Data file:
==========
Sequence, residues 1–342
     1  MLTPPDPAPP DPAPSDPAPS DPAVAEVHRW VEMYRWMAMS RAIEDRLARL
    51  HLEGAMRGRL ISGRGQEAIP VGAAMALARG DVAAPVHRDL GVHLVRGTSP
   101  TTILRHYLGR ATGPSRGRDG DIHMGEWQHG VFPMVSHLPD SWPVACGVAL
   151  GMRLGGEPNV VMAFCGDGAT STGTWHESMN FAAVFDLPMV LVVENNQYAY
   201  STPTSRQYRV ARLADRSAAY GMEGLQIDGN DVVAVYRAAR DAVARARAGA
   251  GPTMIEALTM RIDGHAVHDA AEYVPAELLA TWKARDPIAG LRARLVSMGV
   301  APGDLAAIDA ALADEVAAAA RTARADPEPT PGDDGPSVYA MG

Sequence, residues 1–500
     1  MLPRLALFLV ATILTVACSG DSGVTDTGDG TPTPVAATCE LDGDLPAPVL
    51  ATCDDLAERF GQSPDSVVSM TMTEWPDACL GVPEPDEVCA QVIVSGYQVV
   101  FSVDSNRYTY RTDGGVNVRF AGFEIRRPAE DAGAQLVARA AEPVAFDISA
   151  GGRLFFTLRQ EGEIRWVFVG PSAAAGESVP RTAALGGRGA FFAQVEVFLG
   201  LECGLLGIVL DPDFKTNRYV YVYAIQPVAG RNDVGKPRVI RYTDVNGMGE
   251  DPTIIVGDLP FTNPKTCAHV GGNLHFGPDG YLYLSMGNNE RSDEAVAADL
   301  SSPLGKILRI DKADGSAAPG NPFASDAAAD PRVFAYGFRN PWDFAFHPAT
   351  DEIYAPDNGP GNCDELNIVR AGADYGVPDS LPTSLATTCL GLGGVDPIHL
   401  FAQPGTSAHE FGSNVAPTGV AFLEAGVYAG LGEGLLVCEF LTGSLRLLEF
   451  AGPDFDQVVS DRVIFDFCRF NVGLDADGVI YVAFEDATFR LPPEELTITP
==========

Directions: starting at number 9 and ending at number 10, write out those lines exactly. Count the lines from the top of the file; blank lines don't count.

Sequence, residues 1–500
     1  MLPRLALFLV ATILTVACSG DSGVTDTGDG TPTPVAATCE LDGDLPAPVL